This is an example of how an investigation into area optimisation could progress.  The problem is this:

A farmer has 40m of fencing.  What is the maximum area he can enclose?

Case 1:  The rectangle:

Reflection – the rectangle turns out to be a square, with sides 10m by 10m.  Therefore the area enclosed is 100 metres squared.

Case 2:  The circle:

Reflection:  The area enclosed is greater than that of the square – this time we have around 127 metres squared enclosed.

Case 3: The isosceles triangle:

Reflection – our isosceles triangle turns out to be an equilateral triangle, and it only encloses an area of around 77 metres squared.

Case 4, the n sided regular polygon

Reflection:  Given that we found the cases for a 3 sided and 4 sided shape gave us the regular shapes, it made sense to look for the n-sided regular polygon case.  If we try to plot the graph of the area against n we can see that for n ≥3 the graph has no maximum but gets gets closer to an asymptote.  By looking at the limit of this area (using Wolfram Alpha) as n gets large we can see that the limiting case is the circle. This makes sense as regular polygons become closer to circles the more sides they have.

Proof of the limit using L’Hospital’s Rule


Here we can prove that the limit is indeed 400/pi by using L’Hospital’s rule.  We have to use it twice and also use a trig identity for sin(2x) – but pleasingly it agrees with Wolfram Alpha.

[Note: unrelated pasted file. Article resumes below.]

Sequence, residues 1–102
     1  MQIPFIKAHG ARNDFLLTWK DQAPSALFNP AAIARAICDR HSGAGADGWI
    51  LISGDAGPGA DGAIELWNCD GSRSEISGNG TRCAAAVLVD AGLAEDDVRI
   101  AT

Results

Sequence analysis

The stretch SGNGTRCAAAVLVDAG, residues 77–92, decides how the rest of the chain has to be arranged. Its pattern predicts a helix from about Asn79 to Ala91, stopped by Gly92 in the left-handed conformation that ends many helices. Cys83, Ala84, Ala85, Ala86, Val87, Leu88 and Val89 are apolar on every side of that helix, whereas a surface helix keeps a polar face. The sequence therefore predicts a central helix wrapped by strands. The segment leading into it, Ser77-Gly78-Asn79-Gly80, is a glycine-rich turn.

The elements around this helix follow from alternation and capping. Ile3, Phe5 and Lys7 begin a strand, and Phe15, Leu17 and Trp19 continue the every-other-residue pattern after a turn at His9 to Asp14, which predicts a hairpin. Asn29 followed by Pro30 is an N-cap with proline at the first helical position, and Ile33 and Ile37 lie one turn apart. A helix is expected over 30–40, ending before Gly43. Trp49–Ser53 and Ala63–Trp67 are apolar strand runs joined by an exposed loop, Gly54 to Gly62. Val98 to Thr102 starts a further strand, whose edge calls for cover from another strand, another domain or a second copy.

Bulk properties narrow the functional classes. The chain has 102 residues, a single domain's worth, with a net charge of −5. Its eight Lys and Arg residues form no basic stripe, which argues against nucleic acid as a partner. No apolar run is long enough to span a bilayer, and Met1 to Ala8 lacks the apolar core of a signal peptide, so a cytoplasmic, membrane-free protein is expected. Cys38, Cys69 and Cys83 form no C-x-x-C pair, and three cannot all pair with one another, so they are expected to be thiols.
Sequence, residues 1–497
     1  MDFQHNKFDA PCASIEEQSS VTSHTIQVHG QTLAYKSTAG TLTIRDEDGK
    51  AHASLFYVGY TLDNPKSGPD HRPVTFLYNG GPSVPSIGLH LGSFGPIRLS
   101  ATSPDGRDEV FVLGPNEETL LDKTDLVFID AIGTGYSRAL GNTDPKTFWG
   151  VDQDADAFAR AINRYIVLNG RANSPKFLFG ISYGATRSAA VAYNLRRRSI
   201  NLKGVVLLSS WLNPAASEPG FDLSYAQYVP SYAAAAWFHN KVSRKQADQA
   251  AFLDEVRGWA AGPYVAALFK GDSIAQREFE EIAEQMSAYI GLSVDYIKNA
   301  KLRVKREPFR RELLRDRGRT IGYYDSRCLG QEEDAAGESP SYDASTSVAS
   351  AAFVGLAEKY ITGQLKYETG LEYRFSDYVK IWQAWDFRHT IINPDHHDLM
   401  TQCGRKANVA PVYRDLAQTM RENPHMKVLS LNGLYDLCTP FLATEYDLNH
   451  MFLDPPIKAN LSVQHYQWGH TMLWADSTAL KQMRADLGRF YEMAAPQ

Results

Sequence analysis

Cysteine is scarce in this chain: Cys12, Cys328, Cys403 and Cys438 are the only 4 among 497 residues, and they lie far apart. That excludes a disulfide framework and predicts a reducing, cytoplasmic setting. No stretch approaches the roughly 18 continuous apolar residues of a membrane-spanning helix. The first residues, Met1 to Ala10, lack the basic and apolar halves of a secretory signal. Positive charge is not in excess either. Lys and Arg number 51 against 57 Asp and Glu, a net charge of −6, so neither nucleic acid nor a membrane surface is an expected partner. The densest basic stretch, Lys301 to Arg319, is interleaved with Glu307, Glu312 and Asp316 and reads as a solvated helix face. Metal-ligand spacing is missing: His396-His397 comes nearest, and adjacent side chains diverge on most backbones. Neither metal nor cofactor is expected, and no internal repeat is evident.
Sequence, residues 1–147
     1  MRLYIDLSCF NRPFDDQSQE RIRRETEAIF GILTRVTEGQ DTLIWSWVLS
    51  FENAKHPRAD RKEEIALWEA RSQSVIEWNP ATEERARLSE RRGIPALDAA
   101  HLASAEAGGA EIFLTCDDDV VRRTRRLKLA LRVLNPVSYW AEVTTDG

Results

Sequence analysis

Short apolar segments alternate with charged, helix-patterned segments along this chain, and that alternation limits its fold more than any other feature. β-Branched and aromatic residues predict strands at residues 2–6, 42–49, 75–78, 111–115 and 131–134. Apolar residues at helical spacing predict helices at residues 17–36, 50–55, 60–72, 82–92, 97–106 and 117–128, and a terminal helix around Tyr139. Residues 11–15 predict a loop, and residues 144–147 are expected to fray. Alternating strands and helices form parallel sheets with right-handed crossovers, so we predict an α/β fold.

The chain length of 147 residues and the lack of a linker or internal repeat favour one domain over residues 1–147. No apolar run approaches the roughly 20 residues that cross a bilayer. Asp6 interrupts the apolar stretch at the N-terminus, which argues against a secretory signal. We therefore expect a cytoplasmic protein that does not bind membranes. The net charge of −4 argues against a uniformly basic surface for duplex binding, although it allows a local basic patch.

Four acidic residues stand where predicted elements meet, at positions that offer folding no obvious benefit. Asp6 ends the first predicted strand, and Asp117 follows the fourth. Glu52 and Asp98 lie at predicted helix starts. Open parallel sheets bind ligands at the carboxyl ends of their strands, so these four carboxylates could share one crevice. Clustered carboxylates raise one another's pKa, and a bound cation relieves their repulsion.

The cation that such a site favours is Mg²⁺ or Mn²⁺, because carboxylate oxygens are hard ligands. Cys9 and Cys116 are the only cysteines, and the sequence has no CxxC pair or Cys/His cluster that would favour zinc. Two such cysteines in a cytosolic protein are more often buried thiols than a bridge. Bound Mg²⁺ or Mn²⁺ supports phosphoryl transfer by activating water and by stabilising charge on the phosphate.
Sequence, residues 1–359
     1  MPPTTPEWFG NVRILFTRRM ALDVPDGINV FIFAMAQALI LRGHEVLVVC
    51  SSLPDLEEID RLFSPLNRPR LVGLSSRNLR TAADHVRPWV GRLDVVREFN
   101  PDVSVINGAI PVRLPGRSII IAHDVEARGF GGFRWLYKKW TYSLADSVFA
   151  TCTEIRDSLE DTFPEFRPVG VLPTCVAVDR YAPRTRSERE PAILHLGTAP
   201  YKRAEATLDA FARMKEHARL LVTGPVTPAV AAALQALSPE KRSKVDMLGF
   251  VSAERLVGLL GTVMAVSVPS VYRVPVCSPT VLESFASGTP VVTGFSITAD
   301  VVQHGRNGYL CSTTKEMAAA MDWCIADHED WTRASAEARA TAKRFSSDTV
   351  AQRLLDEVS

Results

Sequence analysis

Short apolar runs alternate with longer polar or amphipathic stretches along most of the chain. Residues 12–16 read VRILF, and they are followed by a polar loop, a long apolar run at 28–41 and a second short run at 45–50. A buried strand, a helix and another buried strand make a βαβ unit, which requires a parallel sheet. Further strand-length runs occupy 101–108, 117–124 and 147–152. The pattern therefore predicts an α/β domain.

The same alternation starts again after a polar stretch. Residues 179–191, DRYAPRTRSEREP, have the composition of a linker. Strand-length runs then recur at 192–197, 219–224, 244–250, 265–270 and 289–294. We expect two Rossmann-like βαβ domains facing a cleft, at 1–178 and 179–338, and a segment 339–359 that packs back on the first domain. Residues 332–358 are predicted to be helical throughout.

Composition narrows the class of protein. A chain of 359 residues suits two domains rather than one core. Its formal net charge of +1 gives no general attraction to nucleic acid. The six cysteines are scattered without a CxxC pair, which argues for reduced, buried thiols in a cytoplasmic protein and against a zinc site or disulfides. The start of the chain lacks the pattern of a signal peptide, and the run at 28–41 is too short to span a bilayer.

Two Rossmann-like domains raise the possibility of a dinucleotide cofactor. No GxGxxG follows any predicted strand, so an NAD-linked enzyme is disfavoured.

So, a simple example of how an investigation can develop – from a simple case, getting progressively more complex and finishing with some HL Calculus Option mathematics.

Essential resources for IB students:

1) Revision Village

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Revision Village has been put together to help IB students with topic revision both for during the course and for the end of Year 12 school exams and Year 13 final exams.  I would strongly recommend students use this as a resource during the course (not just for final revision in Y13!) There are specific resources for HL and SL students for both Analysis and Applications.

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There is a comprehensive Questionbank takes you to a breakdown of each main subject area (e.g. Algebra, Calculus etc) and then provides a large bank of graded questions.  What I like about this is that you are given a difficulty rating, as well as a mark scheme and also a worked video tutorial.  Really useful!

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The Practice Exams section takes you to a large number of ready made quizzes, exams and predicted papers.   These all have worked solutions and allow you to focus on specific topics or start general revision.  This also has some excellent challenging questions for those students aiming for 6s and 7s.

Each course also has a dedicated video tutorial section which provides 5-15 minute tutorial videos on every single syllabus part – handily sorted into topic categories.

2) Exploration Guides and Paper 3 Resources

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I’ve put together four comprehensive pdf guides to help students prepare for their exploration coursework and Paper 3 investigations. The exploration guides talk through the marking criteria, common student mistakes, excellent ideas for explorations, technology advice, modeling methods and a variety of statistical techniques with detailed explanations. I’ve also made 17 full investigation questions which are also excellent starting points for explorations.  The Exploration Guides can be downloaded here and the Paper 3 Questions can be downloaded here.